- cont'd

The previous tutorial introduced some of the basic steps in preparing a PowerPoint presentation.  This tutorial will continue on, and take you through the steps in adding sound and customizing the effects and transitions.

Click here to see the previous tutorial.

 

 



Slide Transitions  

To access the animation settings select the Animation tab.

Thumbnails of the available slide transitions are displayed at the top.

Clicking on the Custom Animation Button will open the Custom Animations window, where you can apply actions to specific objects in each slide.


You can scroll down to view more transitions, or select the lower arrow to view the entire selection of transitions.

As tempting as it is, try not to use too many different styles of transition. You don't want to send anyone into a trance.


This example uses "Wipe Left" transitions.

The current slide transition is shown in the Animation ribbon at the top. Sound and speed options can be applied to individual slides, or all at once.

There are over twenty sound effects available, but use them with discretion.  Stick with one or two appropriate to your theme. You might choose not to use any at all.

Click on the Transition Speed arrow to bring up this window.

Under Advance Slide you can choose to have the slides advance automatically, or by mouse click.  Mouse clicks will over-ride the timed settings, allowing you to advance a slide manually before the time setting lapses.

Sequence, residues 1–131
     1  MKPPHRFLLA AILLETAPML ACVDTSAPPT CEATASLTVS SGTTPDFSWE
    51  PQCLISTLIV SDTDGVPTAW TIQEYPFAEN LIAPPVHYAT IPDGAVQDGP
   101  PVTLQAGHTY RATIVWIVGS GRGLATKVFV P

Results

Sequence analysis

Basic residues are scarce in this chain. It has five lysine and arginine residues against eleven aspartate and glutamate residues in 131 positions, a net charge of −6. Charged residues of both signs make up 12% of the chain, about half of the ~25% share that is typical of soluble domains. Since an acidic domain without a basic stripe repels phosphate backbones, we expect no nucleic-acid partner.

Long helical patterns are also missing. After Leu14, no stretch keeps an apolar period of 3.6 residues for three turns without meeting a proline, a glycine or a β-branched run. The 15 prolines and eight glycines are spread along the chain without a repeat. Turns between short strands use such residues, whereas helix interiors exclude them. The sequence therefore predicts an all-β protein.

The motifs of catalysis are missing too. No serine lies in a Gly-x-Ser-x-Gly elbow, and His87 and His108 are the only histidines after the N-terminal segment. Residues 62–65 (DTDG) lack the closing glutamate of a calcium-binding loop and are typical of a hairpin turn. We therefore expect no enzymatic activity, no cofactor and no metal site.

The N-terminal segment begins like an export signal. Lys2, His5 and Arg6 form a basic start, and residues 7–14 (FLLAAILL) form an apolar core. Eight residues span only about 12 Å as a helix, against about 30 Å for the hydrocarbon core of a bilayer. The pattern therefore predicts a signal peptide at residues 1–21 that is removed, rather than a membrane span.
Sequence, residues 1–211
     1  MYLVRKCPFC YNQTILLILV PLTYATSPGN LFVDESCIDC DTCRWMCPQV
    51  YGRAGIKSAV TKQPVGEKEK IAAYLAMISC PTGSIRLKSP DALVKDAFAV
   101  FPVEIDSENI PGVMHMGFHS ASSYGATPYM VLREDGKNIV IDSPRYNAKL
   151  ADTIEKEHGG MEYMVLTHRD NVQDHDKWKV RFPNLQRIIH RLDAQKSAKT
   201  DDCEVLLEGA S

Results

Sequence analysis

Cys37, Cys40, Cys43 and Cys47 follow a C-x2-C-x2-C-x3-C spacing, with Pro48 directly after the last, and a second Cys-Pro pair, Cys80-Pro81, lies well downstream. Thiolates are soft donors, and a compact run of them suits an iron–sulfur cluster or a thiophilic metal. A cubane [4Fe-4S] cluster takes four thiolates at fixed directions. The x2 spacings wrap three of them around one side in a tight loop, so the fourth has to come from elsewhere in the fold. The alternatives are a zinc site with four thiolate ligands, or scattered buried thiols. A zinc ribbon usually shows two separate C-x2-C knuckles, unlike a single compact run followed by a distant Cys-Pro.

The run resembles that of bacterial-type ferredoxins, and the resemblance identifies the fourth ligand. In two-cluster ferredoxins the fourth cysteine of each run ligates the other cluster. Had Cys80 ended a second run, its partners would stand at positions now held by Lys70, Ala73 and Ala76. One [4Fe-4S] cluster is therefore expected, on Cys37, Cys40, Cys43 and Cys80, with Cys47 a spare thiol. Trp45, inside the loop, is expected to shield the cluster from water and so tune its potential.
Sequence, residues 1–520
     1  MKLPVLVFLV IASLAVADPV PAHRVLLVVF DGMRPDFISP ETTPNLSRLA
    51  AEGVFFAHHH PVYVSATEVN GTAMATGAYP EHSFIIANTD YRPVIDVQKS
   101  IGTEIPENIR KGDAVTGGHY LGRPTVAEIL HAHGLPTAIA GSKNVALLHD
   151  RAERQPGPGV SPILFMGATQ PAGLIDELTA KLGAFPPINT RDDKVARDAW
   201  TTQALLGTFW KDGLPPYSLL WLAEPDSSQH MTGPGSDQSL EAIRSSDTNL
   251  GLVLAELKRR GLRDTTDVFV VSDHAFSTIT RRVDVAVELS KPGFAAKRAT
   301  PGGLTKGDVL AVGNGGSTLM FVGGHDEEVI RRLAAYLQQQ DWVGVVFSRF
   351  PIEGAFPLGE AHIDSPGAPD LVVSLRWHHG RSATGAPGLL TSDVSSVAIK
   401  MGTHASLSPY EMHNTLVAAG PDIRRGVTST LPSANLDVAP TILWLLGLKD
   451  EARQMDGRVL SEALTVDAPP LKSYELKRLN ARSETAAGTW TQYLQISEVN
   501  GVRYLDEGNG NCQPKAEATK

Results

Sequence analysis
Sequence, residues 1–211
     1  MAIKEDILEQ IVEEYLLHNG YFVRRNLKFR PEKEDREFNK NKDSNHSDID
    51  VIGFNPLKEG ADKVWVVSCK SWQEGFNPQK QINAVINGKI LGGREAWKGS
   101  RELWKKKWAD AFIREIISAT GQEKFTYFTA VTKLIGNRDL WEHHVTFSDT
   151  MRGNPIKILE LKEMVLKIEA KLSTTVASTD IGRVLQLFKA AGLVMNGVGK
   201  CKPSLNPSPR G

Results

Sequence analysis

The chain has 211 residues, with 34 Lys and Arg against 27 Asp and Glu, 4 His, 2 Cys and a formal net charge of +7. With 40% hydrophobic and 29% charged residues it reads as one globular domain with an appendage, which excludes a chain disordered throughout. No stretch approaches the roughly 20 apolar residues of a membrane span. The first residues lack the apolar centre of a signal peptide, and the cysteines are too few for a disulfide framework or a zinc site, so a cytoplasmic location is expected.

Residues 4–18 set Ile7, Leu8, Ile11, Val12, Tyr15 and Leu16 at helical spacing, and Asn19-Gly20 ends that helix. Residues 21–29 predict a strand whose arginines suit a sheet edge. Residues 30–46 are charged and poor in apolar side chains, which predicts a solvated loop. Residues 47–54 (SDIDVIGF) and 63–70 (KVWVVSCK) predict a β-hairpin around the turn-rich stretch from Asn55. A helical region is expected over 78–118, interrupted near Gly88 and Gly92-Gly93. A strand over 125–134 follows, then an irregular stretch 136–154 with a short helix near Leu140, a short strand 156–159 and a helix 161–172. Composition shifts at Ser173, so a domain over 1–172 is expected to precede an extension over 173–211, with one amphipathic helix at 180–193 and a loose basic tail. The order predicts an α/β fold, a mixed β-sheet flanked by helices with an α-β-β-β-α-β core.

Actions for each slide can be applied to individual items in the Custom Animation window. If you select one of the bulleted items it will simultaneously be highlighted in the Custom Animation window.


When you select a specific object in the slide, the Add Effect button will become active, allowing you apply an effect to whatever is selected. In this case, you can apply an effect to the entire bulleted list in one step, or you can select each individual line separately.

You can add an effect to the way an object enters the screen, exits the screen, or to how it appears while sustained on the screen.

The following icons indicate the type of effect applied to each object :
Entrance Emphasis Exit Motion Path

The icons will appear in the Custom Animations window when you apply an effect.


Entrance

 

 The numbers to the left refer to the order that you will see the fly-out windows.  The sequence would be to first highlight the text or object on the screen to activate the Add Effect button (1), select Entrance (2) to change the way the object appears or enters the screen.  Choose the type of behavior (3), (in this case, Fly In) that you want the text or object to take.

Repeat these steps for each object you want to change.


Emphasis

 

Highlight the text or object on the screen to activate the Add Effect button (1), select Emphasis (2) to change the way the object appears while on the screen.  Choose the type of behavior (3), (in this case, Change Font Style) while the object remains on the screen.

Repeat these steps for each object you want to change.

 


Exit